Rudolf Levy

From Wikipedia, the free encyclopedia
Jump to: navigation, search
Self-portrait (1943)

Rudolf Levy (15 July 1875, Stettin - January 1944, Italy or Auschwitz) was a German Expressionist painter of Jewish ancestry.

Biography[edit]

He came from an Orthodox family. While he was still a boy, they moved to Danzig, where he grew up. After completing his primary education, he was apprenticed to a carpenter. His parents were strongly opposed to his desires to become an artist but, in 1895, he enrolled at the Academy of Fine Arts, Karlsruhe.

In 1897, he and his friend, Hans Purrmann, went to Munich to open a studio. While there, he continued his studies at the Academy of Fine Arts, Munich with Nikolaus Gysis then, in 1899, took lessons at the private art school operated by Heinrich Knirr and studied plein aire painting with Heinrich von Zügel. He also became a member of a cultural association known as "Sturmfackel" (a type of poppy), that met at the Café Stefanie.

In the fall of 1903, he went to Paris and established a circle of German-speaking artists who met at Le Dôme Café. Two years later, he participated in the third exhibition of the Salon d'Automne at the Grand Palais. In 1907, he worked at the newly founded teaching studios of Henri Matisse. Between 1910 and 1913, he made regular trips to the south of France and Tunisia.[1]

Gathering at Le Dôme Café (from the right; Jules Pascin, Levy, Walter Bondy and Wilhelm Uhde

During the First World War, he volunteered and fought as a German soldier in Artois and Flanders. He was awarded the Iron Cross in 1915. After the war, he returned to Germany and married Eugenie Schindler (1894-1953), a photographer and actress who went by the name Genia Morelli.[2] They eventually settled in Berlin and, in 1922, he had his first solo exhibition, arranged by Alfred Flechtheim. From 1924 to 1926, he was back in Paris, serving as Flechtheim's agent. In 1928, he became a member of the Berlin Secession and served on its Board of Directors.

Five years later, due to the increasing persecution of Jews in Germany, he went to Rapallo, Italy, where he stayed with his friend and student, Bob Gesinus-Visser (1898-1978). In 1935, he went to Mallorca. After the outbreak of the Spanish Civil War, he went to New York to stay with his friend, the actor Erik Charell. He did not want to stay there, however, and went back to Europe; first to Dubrovnik, then Ischia, where he lived at the artists' colony. He supported himself with occasional painting sales and financial aid from his family, including his now ex-wife, Genia.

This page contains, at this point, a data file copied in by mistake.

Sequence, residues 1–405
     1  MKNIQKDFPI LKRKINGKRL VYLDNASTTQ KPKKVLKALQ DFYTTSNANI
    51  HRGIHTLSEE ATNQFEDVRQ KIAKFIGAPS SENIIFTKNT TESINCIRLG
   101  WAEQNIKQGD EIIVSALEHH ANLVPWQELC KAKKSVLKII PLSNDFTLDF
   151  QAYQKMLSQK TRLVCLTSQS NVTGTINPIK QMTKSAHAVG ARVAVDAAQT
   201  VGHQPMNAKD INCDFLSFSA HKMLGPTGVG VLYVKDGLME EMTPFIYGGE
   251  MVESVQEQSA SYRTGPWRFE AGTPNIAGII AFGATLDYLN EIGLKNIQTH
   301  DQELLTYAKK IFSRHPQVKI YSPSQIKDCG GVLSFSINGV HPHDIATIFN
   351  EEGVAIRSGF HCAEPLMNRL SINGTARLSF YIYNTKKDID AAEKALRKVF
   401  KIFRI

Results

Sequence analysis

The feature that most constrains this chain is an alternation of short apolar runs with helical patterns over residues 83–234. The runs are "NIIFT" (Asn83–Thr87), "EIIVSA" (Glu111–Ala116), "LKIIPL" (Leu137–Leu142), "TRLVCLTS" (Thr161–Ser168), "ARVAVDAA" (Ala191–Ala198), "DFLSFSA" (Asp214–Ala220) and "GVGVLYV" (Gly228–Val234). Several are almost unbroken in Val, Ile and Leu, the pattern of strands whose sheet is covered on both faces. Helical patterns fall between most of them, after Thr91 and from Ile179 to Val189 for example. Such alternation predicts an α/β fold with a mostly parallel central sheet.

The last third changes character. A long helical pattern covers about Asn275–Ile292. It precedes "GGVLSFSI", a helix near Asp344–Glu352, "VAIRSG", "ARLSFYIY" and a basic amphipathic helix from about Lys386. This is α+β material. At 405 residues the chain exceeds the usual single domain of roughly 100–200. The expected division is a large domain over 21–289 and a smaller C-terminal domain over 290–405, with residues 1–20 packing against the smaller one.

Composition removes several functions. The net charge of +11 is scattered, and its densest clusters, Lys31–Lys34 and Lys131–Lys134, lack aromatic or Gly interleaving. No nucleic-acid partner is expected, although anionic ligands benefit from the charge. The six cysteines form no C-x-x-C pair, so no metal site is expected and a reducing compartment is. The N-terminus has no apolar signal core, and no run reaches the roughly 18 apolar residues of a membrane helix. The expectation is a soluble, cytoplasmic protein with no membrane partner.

In 1937, his works were placed on the list of Degenerate Art.[3] After World War II began, his residence permit was cancelled and he had to leave Ischia. Charell worked hard to obtain a visa for him to return to the United States or seek refuge in South America, but to no avail. In 1940, he was able to find a place to stay with friends in Florence.[4] After the German Army occupied Italy in 1943, he had to go underground.[5]

In December of that year, he was lured into a trap by SS agents pretending they were art buyers. He was arrested by the Gestapo, briefly imprisoned at Le Murate, then placed on a transport to Auschwitz. It is generally believed that he died while in transit, but may have survived until reaching there.

Selected paintings[edit]

References[edit]

Further reading[edit]

  • Susanne Thesing (1985), "Levy, Rudolf", Neue Deutsche Biographie (NDB) (in German), 14, Berlin: Duncker & Humblot, pp. 405–406 ; (full text online)
  • Susanne Thesing, Manfred Rothenberger, Heinz Neidel: Rudolf Levy (1875-1944). Leben und Werk. Verlag für Moderne Kunst, Nürnberg 1990 ISBN 3-922531-89-X
  • Rudolf Levy. Ölbilder. Katalog der Gedächtnis-Ausstellung 20 February-26 March 1959 in the Frankfurter Kunstkabinett.
  • Friedrich Ahlers-Hestermann: Kunst und Künstler. Der deutsche Künstlerkreis des Café du Dôme in Paris, Berlin 1918, Pgs.369-404

External links[edit]